A black dwarf is a white dwarf that has cooled down to the temperature of the cosmic microwave background, and so is invisible. Unlike red dwarfs, brown dwarfs, and white dwarfs, black dwarfs are entirely hypothetical.
Once a star has evolved to become a white dwarf, it no longer has an internal source of heat, and is shining only because it is still hot. Like something taken from the oven, left alone a white dwarf will cool down until it is the same temperature as its surroundings. Unlike tonight’s dinner, which cools by convection, conduction, and radiation, a white dwarf cools only by radiation.
Because it’s electron degeneracy pressure that stops it from collapsing to become a black hole, a white dwarf is a fantastic conductor of heat (in fact, the physics of Fermi gasses explains the conductivity of both white dwarfs and metals!). How fast a white dwarf cools is thus easy to work out … it depends on only its initial temperature, mass, and composition (most are carbon plus oxygen; some maybe predominantly oxygen, neon and magnesium; others helium). Oh, and as at least part of the core of a white dwarf may crystallize, the cooling curve will have a bit of a bump around then.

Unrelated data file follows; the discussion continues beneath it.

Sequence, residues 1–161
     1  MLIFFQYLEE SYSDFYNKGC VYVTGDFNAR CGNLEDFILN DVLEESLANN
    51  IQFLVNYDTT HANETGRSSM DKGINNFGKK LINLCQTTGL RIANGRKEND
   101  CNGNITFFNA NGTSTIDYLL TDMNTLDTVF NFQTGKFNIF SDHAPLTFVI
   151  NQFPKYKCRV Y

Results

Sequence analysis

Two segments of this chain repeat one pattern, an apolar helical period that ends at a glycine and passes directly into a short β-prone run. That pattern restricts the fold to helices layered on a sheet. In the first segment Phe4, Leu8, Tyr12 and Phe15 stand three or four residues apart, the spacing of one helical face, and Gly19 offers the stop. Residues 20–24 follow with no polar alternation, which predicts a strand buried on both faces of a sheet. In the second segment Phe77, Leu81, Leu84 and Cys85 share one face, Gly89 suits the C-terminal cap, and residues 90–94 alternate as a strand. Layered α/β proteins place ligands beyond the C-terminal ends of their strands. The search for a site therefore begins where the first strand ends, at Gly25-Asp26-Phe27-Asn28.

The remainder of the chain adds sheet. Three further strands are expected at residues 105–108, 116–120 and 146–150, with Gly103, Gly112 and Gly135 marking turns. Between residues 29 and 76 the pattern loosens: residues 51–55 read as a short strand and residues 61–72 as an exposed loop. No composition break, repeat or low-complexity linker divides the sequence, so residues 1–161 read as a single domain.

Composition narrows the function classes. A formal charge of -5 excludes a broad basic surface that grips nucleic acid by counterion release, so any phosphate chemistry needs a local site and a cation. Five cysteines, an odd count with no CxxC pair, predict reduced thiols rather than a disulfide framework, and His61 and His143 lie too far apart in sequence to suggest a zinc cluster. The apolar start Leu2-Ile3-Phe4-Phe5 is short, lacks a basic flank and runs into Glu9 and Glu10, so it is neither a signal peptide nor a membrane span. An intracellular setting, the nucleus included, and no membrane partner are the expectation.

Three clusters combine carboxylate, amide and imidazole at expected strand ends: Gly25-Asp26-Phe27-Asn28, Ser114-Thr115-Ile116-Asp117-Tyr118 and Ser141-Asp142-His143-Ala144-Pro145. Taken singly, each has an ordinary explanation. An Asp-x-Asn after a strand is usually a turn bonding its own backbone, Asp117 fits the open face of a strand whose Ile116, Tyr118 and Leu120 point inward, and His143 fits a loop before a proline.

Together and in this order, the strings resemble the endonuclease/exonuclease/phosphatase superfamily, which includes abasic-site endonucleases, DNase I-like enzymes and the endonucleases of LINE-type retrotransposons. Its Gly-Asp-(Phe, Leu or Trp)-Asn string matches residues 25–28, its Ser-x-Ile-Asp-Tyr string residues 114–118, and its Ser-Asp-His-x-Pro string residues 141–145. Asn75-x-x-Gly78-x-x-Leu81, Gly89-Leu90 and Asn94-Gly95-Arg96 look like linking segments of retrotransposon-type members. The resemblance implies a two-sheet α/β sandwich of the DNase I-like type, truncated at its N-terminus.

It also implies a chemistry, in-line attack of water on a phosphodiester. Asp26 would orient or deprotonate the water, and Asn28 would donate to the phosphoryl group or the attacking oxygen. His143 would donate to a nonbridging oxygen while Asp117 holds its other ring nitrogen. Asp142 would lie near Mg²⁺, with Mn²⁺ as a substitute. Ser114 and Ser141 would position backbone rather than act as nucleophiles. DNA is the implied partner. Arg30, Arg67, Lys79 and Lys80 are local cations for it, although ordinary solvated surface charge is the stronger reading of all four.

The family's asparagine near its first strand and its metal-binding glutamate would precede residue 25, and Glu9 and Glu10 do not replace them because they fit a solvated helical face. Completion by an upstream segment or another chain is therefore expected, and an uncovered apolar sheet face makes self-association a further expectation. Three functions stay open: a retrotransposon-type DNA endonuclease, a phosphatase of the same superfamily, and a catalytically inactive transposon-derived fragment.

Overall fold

The universe is only 13.7 billion years old, so even a white dwarf formed 13 billion years ago (unlikely; the stars which become white dwarfs take a billion years, or so, to do so) it would still have a temperature of a few thousand degrees. The coolest white dwarf observed to date has a temperature of a little less than 3,000 K. A long way to go before it becomes a black dwarf.
Working out how long it would take for a white dwarf to cool to the temperature of the CMB is actually quite tricky. Why? Because there are lots of interesting effects that may be important, effects we cannot model yet. For example, a white dwarf will contain some dark matter, and at least some of that may decay, over timespans of quadrillions of years, generating heat. Perhaps diamonds are not forever (protons too may decay); more heat. And the CMB is getting cooler all the time too, as the universe continues to expand.
Anyway, if we say, arbitrarily, that at 5 K a white dwarf becomes a black dwarf, then it’ll take at least 10^15 years for one to form.
One more thing: no white dwarf is totally alone; some have binary companions, others may wander through a dust cloud … the infalling mass generates heat too, and if enough hydrogen builds up on the surface, it may go off like a hydrogen bomb (that’s what novae are!), warming the white dwarf quite a bit.